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Just want to make sure I am not assuming something foolish here, when implementing the singleton pattern in an ASP .Net web application the static variable scope is only for the current user session, right? If a second user is accessing the site it is a different memory scope...?

Thanks

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5  
The short answer is no, you're wrong. –  Klaus Byskov Pedersen Jan 25 '10 at 18:20
1  
Duplicate: stackoverflow.com/questions/194999/… –  Dan Herbert Jan 25 '10 at 19:17

5 Answers 5

up vote 16 down vote accepted

The static variable scope is for the entire app domain, which means other sessions also have access to it. Only if you have a farm with different servers you would have more than one instance of the variable.

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Static members have a scope of the current worker process only, so it has nothing to do with users, because other requests aren't necessarily handled by the same worker process.

  • In order to share data with a specific user and across requests, use HttpContext.Current.Session.
  • In order to share data within a specific request, use HttpContext.Current.Items.
  • In order to share data across the entire application, either write a mechanism for that, or configure IIS to work with a single process and write a singleton / use Application.

By the way, the default number of worker processes is 1, so this is why the web is full of people thinking that static members have a scope of the entire application.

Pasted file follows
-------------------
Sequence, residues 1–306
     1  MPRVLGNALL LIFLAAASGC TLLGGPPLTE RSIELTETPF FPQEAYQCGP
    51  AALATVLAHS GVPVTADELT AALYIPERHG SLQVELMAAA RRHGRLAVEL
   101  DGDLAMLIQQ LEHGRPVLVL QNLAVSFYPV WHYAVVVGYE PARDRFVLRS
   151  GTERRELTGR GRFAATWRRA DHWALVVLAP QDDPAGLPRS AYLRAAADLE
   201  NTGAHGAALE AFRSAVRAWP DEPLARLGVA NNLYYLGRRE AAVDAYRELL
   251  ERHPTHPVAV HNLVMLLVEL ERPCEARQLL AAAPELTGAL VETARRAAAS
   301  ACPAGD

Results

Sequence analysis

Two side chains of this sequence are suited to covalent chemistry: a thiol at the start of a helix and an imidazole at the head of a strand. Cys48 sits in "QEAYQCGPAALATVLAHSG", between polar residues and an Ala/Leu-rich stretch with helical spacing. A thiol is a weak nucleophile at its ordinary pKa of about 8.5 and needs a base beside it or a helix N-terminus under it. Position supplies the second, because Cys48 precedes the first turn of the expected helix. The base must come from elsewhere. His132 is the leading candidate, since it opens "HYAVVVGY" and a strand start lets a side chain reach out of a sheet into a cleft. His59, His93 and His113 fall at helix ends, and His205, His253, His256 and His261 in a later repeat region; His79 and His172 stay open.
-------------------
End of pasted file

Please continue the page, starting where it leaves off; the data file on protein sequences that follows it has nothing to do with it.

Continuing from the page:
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As others have mentioned, a static variable is global to the entire application, not single requests.

To make a singleton global to only individual requests, you can use the HttpContext.Current.Items dictionary.

public class Singleton
{
    private Singleton() { }

    public static Singleton Instance 
    {   
        get
        {
            if (HttpContext.Current.Items["yourKey"] == null)
                HttpContext.Current.Items["yourKey"] = new Singleton();
            return (Singleton)HttpContext.Current.Items["yourKey"];
        }
    }
}
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Thanks, What is the overhead of this? will it be much slower if I am accessing the singleton quite often? –  Wesly Jan 25 '10 at 18:40
    
@Ws You shouldn't notice any performance issues with this approach. The dictionary implementation is pretty efficient so it won't slow your app down even if you access it a lot. –  Dan Herbert Jan 25 '10 at 19:16
    
why should we use "HttpContext.Current.Items" instead of "Session"? –  Seva Oct 9 '14 at 13:09
    
@Seva The lifetime of HttpContext.Current.Items is the current request. ie. 1 request. HttpContext.Current.Session spans the entire session. ie. multiple requests that are part of the same session. –  Haohmaru Nov 13 '14 at 14:52

If you need it to be user or session based then check out the following link. Otherwise, as Otavio said, the singleton is available to the entire domain.

http://samcogan.com/blog/post/2009/01/07/Singleton-per-ASPnet-Session.aspx

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Your link appears to be dead –  Michael Lang Jul 14 '11 at 16:14
2  
@Michael Lang: Yes it was, looks like sam changed his content engine. Updated the link with the new reference. –  NotMe Jul 14 '11 at 16:51

The singleton is used for the entire Application Domain, if you want to store user session-related data, use HttpContext Session which is designed for that purpose. Of course, you probably have to redesign your class structure to be able to come up with a key-value-pair way of dealing with the data you're trying to work with.

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